Boyd Tonkin on the fall-out from the Scottish referendum
Manolo Blahnik: The high priest of heels talks flats, Englishness, and why he loves Mary Beard

Manolo Blahnik: Flats, Englishness, and Mary Beard

The shoe designer who has been dubbed 'the patron saint of the stiletto'
The Beatles biographer reveals exclusive original manuscripts of some of the best pop songs ever written

Scrambled eggs and LSD

Behind The Beatles' lyrics - thanks to Hunter Davis's original manuscript copies
'Normcore' fashion: Blending in is the new standing out in latest catwalk non-trend

'Normcore': Blending in is the new standing out

Just when fashion was in grave danger of running out of trends, it only went and invented the non-trend. Rebecca Gonsalves investigates
Dance’s new leading ladies fight back: How female vocalists are now writing their own hits

New leading ladies of dance fight back

How female vocalists are now writing their own hits
Mystery of the Ground Zero wedding photo

A shot in the dark

Mystery of the wedding photo from Ground Zero
His life, the universe and everything

His life, the universe and everything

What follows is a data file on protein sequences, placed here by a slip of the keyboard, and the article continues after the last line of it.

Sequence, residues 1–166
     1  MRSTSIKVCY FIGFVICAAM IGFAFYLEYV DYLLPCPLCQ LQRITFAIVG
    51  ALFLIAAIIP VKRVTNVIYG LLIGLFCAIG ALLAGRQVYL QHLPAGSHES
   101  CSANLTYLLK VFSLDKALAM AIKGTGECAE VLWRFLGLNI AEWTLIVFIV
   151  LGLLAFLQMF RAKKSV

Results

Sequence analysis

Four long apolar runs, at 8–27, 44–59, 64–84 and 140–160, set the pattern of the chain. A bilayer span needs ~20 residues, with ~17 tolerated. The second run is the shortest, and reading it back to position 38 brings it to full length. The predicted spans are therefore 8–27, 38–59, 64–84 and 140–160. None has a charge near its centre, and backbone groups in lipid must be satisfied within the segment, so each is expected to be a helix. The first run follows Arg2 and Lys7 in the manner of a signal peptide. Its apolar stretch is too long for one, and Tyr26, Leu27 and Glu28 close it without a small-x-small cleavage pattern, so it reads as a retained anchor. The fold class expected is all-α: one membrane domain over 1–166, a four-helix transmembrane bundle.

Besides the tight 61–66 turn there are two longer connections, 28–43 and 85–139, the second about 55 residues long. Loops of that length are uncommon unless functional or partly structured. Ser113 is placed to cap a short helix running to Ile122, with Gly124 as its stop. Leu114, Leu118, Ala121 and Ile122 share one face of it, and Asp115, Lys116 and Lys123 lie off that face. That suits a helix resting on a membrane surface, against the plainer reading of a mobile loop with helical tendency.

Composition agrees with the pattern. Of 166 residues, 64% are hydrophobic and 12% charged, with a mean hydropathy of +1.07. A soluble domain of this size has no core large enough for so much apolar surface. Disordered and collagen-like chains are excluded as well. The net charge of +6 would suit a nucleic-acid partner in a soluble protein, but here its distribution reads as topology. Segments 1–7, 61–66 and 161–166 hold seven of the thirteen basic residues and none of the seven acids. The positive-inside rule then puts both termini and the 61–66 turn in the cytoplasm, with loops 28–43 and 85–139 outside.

New biography sheds light on comic genius of Douglas Adams
Save us from small screen superheroes

Save us from small screen superheroes

Shows like Agents of S.H.I.E.L.D are little more than marketing tools
Reach for the skies

Reach for the skies

From pools to football pitches, rooftop living is looking up
These are the 12 best hotel spas in the UK

12 best hotel spas in the UK

Some hotels go all out on facilities; others stand out for the sheer quality of treatments
These Iranian-controlled Shia militias used to specialise in killing American soldiers. Now they are fighting Isis, backed up by US airstrikes

Widespread fear of Isis is producing strange bedfellows

Iranian-controlled Shia militias that used to kill American soldiers are now fighting Isis, helped by US airstrikes
Topshop goes part Athena poster, part last spring Prada

Topshop goes part Athena poster, part last spring Prada

Shoppers don't come to Topshop for the unique
How to make a Lego masterpiece

How to make a Lego masterpiece

Toy breaks out of the nursery and heads for the gallery
Meet the ‘Endies’ – city dwellers who are too poor to have fun

Meet the ‘Endies’ – city dwellers who are too poor to have fun

Urbanites are cursed with an acronym pointing to Employed but No Disposable Income or Savings
Paisley’s decision to make peace with IRA enemies might remind the Arabs of Sadat

Ian Paisley’s decision to make peace with his IRA enemies

His Save Ulster from Sodomy campaign would surely have been supported by many a Sunni imam